Skip to main content

Robot finds sauna-like conditions around damaged reactor

By Matt Smith, CNN
Click to play
Robots test radiation in Japan
  • NEW: Radiation levels may allow workers to re-enter unit 2
  • NEW: Authorities hope to treat, re-use contaminated water from the reactor
  • Workers began pumping water out of the unit's turbine plant Tuesday
  • Tokyo Electric hopes to wind down the crisis in six months

Tokyo (CNN) -- A robot probe found sauna-like conditions inside the No. 2 reactor building at the Fukushima Daiichi nuclear power plant but lower levels of radiation than in other damaged units, the plant's owner reported Tuesday.

Reactor No. 2 is believed to be leaking water, thousands of tons of which are filling the basement of its turbine plant and utility tunnels. A robot inserted into the unit's reactor building Monday found temperatures up to 41 degrees Celsius (106 F) and humidity ranging from 94-99 percent, the Tokyo Electric Power Company reported Tuesday.

Those conditions fogged up the lenses of the probe's cameras, forcing operators to withdraw the device after a few minutes, company officials said. But the radiation levels were low enough that workers might be able to re-enter the building for short periods of time, Tokyo Electric officials said.

The robot clocked a radiation level of 4.1 millisieverts per hour -- less than 10% of the amount found in the No. 1 and No. 3 reactor buildings on Sunday. By comparison, the average resident of an industrialized country receives a dose of about 3 millisieverts per year. A CT scan produces just under 7, and a chest X-ray delivers a one-time dose of about .05 millisieverts.

Inside a 'ghost town'
9 months to shut down Japan's reactors?
Chernobyl survivors speak out

Doses above 100 millisieverts can increase the long-term risk of cancer, while 1,000 millisieverts can produce radiation sickness. Tokyo Electric said 29 workers, including three subcontractors, had received cumulative doses of more than 100 millisieverts to date.

Meanwhile, workers at the plant began pumping the first of the highly radioactive fluid from unit 2's service tunnels into a storage tank for contaminated water Tuesday, said Hidehiko Nishiyama, the chief spokesman for Japan's Nuclear and Industrial Safety Agency.

The treatment facility could hold as much as 30,000 tons of water, according to Tokyo Electric. Nishiyama told reporters Tuesday that as much as 70,000 tons of contaminated water may lie in the darkened spaces beneath the turbine plants, where much of the equipment that normally cools the reactors is housed.

"The plan is to install a purification device so that we can purify the water and then free up some space to store the additional contaminated water," he said.

Fact Box
Deaths: 13, 843
Missing: 14,030
Displaced: More than 136,000
Source: Japanese police

Some of the treated water would be used to cool the reactors, replacing some of the 6-7 cubic meters (1,600-1,800 gallons) of water now being pumped into each reactor every hour. An unknown percentage of that water is being lost to steam or leaks inside the plant, particularly in unit 2.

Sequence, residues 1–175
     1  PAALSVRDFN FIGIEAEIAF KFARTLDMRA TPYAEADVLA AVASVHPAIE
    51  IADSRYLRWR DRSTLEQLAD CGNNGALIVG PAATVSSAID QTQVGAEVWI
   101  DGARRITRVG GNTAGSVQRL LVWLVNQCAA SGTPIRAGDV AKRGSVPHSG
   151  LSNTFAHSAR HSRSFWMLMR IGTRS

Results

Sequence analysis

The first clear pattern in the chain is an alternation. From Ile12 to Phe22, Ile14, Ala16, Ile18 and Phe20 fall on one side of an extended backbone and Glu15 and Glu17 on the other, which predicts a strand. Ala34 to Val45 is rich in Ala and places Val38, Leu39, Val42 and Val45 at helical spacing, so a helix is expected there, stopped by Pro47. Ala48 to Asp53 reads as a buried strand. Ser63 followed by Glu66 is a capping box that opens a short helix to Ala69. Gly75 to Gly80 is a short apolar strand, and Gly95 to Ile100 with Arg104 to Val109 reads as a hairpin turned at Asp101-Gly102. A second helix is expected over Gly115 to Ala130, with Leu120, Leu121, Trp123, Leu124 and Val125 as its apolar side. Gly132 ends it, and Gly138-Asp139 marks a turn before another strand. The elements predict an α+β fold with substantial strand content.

Engineers began deploying the U.S.-built "Packbots" into the reactors on Sunday in hopes of getting a better view of conditions inside the buildings. High radiation readings have kept workers out for weeks -- and for unit 1, the images produced were the first glimpse inside the facility since March 12.

Cooling systems at Fukushima Daiichi, about 240 km (150 miles) north of Tokyo, were knocked out by the massive tsunami that struck Japan's Pacific coast after a massive earthquake March 11. The disaster triggered the worst nuclear accident since Chernobyl as the cores of reactors 1-3 overheated and spewed huge amounts of radioactive contamination across the surrounding area.

The buildings that house reactors 1 and 3 were blown apart by hydrogen explosions in the first days of the crisis. Another hydrogen buildup is believed to have ruptured a water reservoir beneath the No. 2 reactor, and the pools housing spent but still-energetic fuel assemblies are concerns in units 1, 3 and 4.

Tokyo Electric this week laid out a six- to nine-month timetable for winding down the crisis and bringing the reactors to a complete shutdown.

The disaster has led to mandatory evacuations of about 78,000 people living within 20 km (12.5 miles) of the plant and orders to people living another 10 km away to remain sheltered, affecting another 60,000-plus. Several towns both inside and outside that radius were told to prepare to evacuate soon, while others have been directed to stand by for further instructions.

Susan Olson, Gen Shimada and Hiroo Saso contributed to this report for CNN.

Part of complete coverage on
Wedding bells toll post-quake
One effect of Japan's deadly quake has been to remind many of the importance of family and to drive them to the altar.
Toyota makes drastic production cuts
Toyota has announced drastic production cuts due to difficulty in supplying parts following the earthquake in Japan.
Chernobyl's 25-year shadow
There's an eerie stillness about the desolate buildings and empty streets of Pripyat.
Inside evacuation 'ghost town'
A photographer documents the ghost town left behind by the nuclear crisis in Japan. What he found was a "time stop."
One month since the quake
Somber ceremonies mark one month since the earthquake and tsunami killed as many as 25,000 people.
First moments of a tsunami
Witnesses capture the very first moments of the devastating tsunami that struck Japan in March.
The 'nuclear renaissance' that wasn't
A month after a devastating earthquake sent a wall of water across the Japanese landscape, the global terrain of the atomic power industry has been forever altered.
Drone peers into damaged reactors
Engineers use a flying drone to peer into the damaged reactors at the Fukushima Daiichi nuclear power plant.